May 26, 2010
Popper's "Tort Reform" in Text Format
Earlier Andrew Popper's "Tort Reform" book received publicity both here at TortsProf (Sheila) and at the VC(Todd Zywicki). West has now announced that it will be available not only in electronic format (as originally advertised), but also as a traditional text (in paperback). It will be available in time for the fall semester.
May 20, 2010
Gender, Race, and Tort Law
In less than two weeks, The Measure of Injury: Race, Gender, and Tort Law, the new book by Martha Chamallas (Ohio State) and Jenny Wriggins (Maine), will be available from NYU Press.
At Law & Society in Chicago next week, there will be an "Author Meets Readers" panel on the book. Scheduled for Friday, May 28 from 4:30-6:15 at the Renaissance Hotel, the panel will be chaired by Anne Bloom (University of the Pacific). Readers are: Julie Davies (University of the Pacific), Lisa Pruitt (California, Davis), Catharine Wells (Boston College), and me.
December 07, 2009
"Kings of Torts" (aka The Dickie Scruggs Story)
In yesterday's Clarion Ledger, Sid Salter reviewed "Kings of Tort" by Alan Lange and Tom Dawson. The book tells the story of Dickie Scruggs's fall from grace in the bribery scandal that led to his current address in federal prison.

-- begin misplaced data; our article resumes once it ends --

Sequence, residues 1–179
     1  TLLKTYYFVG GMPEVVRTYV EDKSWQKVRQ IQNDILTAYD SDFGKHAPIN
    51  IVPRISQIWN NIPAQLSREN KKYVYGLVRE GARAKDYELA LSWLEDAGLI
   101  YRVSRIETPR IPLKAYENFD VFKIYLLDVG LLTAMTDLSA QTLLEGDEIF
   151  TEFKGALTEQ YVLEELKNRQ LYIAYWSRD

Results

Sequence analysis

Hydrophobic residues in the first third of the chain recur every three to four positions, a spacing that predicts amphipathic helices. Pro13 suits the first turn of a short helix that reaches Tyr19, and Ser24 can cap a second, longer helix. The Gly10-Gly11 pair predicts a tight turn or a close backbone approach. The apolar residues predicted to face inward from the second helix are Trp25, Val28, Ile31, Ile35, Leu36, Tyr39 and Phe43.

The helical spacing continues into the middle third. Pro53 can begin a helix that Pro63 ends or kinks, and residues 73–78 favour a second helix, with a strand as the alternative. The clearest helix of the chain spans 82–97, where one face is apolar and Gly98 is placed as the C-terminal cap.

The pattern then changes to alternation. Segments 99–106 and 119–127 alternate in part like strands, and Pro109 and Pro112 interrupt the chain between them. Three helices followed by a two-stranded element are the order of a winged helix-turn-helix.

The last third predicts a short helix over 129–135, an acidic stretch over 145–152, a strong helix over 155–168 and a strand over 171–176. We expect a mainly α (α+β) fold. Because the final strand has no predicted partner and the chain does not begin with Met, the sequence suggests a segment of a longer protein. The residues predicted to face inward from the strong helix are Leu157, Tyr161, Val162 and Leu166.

As an aside, I know nothing about copyright law, but I am surprised that the book title is so similar to John Grishama's popular novel "The King of Torts."
UPDATE: Readers might also be interested in "The King and the Dean: Melvin Belli, Roscoe Pound, and the Common Law Nation," which is chapter four in Patriots and Cosmopolitans: Hidden Histories of American Law by John Witt (Yale).
July 29, 2009
OT: The Legal Limit by Martin Clark
Ah, summer! The scholarship, the sun, the books! I just read a terrific book I want to recommend to our readers: Martin Clark's The Legal Limit. The book has been out for a year, and is now available in paperback.
I begin with caveats. First, Random House sent me a copy of this book; I assume the company wanted me to do exactly what I'm doing. I'm okay with that because I'm disclosing it, and, more importantly, I love the book. Second, the book is set in rural Stuart, Virginia, about 40 miles from where I grew up in Hillsville, Virginia. The thrill I get in seeing places like Pandowdy's Restaurant in Mt. Airy, North Carolina factor into the plot of a novel from a major publishing house may not be shared by all.
Without giving away too much of the plot, the book follows two brothers who are victims of an abusive childhood: Gates and Mason Hunt. Gates, the older brother, falls into dealing drugs and sponging off his mother. By contrast, Mason goes on to law school, and, eventually, becomes the Commonwealth's Attorney of Patrick County (of which Stuart is the county seat). However, the brothers have kept a secret that threatens everything Mason has worked to achieve.